Solid economic performance across Africa in the decade 1995-2005 contrasts sharply with the economic collapse of 1975-1985 and the stagnation experienced in 1985-95. The ADI indicates that spreading and sustaining growth going forward can be achieved by accelerating productivity and increasing private investment. Accomplishing this will require improving the business climate and infrastructure in African countries, as well as spurring innovation and building institutional capacity.
In 2005 [the latest year for which ADI 2007 posts data], the performance varied substantially across countries, from -2.2% in Zimbabwe to 30.8% in Equatorial Guinea, with nine countries posting growth rates of near or above the 7% threshold needed for sustained poverty reduction.
African countries fall into three broad categories along this continuum. The first group of seven countries comprises the region’s seven major oil exporting economies, home to 27.7% of the region’s population. The second grouping of 18 countries (35.6% of the region’s population) show diversified, sustained growth of at least 4%, and the third grouping of 17 countries (home to 36.7% of the region’s population) is characterized by their resource-poor nature, their strong volatility, are conflict-prone, afflicted or emerging from conflicts or just trapped in slow growth of less than 4%.
“Greater integration with the global economy especially through export trade, are characteristics common to all African countries that have recorded sustained growth. These according to the ADI largely explain the aggregate efficiency levels and investment volumes – comparable to India and Vietnam – recorded by these countries” Ezekwesili added, pointing out that overall investments in Africa increased from 16.8% of GDP to 19.5% of GDP between 2000 and 2006.
In such countries, ADI 2007 finds, policies have gotten better thanks to the reforms of the last decade, inflation, budget deficits, exchange rates and foreign debt repayments are more manageable; the economies are more open to trade and private enterprise; governance is on the mend and more assaults on corruption. These better economic fundamentals have helped to spur growth, but equally important to avoid the growth collapses that took place between 1975 and 1995.
ADI 2007 warns that growth in Africa is more volatile than in any other region. That volatility, it says, has dampened expectations and investments.
“ADI 2007 finds that avoiding sharp declines in GDP growth was critical to Africa’s economic recovery. Indeed, it was crucial for the poor who suffered greatly during the declines,” explained John Page, the World Bank’s Chief Economist for the Africa Region. “Avoiding growth collapses is key to accelerating progress towards the MDGs in Africa.”
The report identifies stronger and more diverse export growth as a key factor needed to sustain growth and reduce volatility. The study laments the higher indirect costs of exporting in Africa (18% to 35% of total costs) compared to indirect costs in China – a mere 8% of total costs. As a result, while efficient African enterprises can compete with Indian and Chinese firms in terms of factory floor costs, they become less competitive due to higher indirect business costs, including infrastructure identified by ADI 2007 as an “important emerging constraint to future growth”.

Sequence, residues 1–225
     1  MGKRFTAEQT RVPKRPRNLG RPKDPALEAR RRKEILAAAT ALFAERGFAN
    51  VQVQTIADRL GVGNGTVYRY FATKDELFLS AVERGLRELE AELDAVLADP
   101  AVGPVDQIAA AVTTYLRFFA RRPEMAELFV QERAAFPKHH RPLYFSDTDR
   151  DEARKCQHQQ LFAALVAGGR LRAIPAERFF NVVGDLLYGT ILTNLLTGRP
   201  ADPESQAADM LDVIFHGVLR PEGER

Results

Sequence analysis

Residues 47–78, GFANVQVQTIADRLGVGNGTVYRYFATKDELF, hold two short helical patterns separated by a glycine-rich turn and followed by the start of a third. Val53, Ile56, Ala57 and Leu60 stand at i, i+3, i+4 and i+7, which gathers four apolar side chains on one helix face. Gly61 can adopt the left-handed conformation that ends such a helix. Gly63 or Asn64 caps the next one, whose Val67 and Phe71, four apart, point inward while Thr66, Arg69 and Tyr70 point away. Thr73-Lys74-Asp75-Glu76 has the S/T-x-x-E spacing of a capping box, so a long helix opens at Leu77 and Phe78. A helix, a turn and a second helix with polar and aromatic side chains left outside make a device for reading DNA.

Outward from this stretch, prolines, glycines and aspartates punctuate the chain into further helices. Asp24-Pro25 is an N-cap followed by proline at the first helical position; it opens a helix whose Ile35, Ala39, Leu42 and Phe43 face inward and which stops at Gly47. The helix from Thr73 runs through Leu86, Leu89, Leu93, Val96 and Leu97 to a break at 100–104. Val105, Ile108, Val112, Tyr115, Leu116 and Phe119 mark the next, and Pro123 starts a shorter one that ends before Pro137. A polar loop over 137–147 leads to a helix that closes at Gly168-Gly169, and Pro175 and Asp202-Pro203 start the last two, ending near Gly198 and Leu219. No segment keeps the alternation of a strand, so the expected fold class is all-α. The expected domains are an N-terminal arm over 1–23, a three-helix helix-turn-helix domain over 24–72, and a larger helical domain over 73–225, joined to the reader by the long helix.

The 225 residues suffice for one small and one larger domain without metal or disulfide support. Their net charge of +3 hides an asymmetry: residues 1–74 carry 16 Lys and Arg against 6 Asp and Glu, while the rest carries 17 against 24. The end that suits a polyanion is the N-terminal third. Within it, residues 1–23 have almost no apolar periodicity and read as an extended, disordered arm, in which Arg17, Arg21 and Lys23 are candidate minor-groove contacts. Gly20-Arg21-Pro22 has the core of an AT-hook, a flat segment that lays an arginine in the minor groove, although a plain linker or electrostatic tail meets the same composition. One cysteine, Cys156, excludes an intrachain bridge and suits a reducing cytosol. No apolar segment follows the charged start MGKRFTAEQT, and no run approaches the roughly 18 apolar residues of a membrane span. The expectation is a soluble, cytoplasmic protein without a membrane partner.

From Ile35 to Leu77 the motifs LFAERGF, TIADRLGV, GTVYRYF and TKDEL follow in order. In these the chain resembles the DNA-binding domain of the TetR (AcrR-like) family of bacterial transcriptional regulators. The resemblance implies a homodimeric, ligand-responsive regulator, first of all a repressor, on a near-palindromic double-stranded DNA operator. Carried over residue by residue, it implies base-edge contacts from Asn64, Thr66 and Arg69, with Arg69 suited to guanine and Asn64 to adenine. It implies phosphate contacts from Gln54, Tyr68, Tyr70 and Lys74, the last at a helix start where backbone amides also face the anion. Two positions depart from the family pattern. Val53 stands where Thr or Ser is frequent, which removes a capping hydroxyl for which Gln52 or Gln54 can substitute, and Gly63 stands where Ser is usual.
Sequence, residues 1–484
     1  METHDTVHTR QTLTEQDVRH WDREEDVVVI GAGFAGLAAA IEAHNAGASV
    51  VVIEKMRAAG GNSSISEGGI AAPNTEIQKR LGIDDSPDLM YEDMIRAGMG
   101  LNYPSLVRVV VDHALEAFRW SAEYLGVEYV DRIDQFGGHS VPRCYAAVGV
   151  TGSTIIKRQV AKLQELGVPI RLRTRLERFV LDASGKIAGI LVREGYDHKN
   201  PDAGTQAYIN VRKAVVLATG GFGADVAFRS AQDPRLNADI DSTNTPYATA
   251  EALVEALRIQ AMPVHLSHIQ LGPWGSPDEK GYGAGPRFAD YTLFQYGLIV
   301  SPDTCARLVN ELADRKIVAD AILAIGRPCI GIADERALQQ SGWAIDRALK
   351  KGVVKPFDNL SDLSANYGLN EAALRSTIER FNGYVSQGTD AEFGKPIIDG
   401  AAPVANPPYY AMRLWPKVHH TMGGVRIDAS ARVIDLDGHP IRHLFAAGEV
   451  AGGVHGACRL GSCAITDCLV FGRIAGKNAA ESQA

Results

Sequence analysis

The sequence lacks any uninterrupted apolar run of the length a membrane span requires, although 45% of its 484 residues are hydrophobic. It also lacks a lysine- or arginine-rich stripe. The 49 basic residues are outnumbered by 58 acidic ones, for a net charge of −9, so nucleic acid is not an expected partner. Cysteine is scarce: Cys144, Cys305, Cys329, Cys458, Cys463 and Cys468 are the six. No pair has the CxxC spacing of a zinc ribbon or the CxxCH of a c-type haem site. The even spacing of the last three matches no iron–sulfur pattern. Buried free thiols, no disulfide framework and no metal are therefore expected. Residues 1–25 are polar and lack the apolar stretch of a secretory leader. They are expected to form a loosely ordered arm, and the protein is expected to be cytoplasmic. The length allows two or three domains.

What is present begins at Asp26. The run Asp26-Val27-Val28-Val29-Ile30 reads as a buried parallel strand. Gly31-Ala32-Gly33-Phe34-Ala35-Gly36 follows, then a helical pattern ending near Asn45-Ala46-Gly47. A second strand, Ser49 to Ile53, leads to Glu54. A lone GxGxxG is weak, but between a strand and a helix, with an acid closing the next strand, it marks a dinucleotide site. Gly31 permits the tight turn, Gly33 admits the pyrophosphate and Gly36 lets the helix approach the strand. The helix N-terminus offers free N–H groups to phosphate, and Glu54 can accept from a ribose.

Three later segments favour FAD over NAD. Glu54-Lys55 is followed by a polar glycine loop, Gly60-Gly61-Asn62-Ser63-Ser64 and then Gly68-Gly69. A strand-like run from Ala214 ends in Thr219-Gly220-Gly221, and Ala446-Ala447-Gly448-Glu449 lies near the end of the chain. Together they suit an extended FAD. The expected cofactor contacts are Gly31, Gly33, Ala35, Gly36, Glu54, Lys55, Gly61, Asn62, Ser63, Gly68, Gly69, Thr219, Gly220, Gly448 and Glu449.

Sub-Saharan Africa lags at least 20 percentage points behind the average for poor developing countries also funded by the World Bank’s concessional window (IDA) on almost all major infrastructure measures – pushing up production costs, a critical impediment for investors. Africa’s unmet infrastructure needs are estimated to total around $22 billion a year (5% of GDP), plus another $17 billion for operations and maintenance.
Despite the negative impact of poor infrastructure, 38 African countries increased their exports as the region as a whole saw its exports rise in value from $182 billion in 2004 to $230 billion in 2005. Exports were fuelled by growing pockets of non-traditional exports (such as clothing from Lesotho, Madagascar and Mauritius); the successful connection between farmers and buyers (such as with the initiative which boosted Rwanda’s coffee exports to the USA by 166% in 2005); and the aggressive expansion of successful exports (such as cut flowers whose exports from Kenya more than doubled between 2000 and 2005, making cut flowers the country’s second export earner, after tea).
Drawn from the World Bank Africa Database, the publication includes a pocket edition, the Little Data Book on Africa, the Africa Development Indicators 2007 – CD-ROM, and the new ADI family member, the Africa Development Indicators Online. ADI Online contains the most comprehensive database on Africa, covering more than 1,000 indicators on economics, human development, private sector development, governance, environment, and aid, with time series of many indicators going back to 1965. The indicators were assembled from a variety of sources to present a broad picture of development across Africa. ADI Online offers the ADI essay, the Little Data Book on Africa 2007, Country at-a-Glance tables, maps tools, technical boxes, and country analyses.
For more information about the Africa Development Indicators, visit: www.worldbank.org/afr
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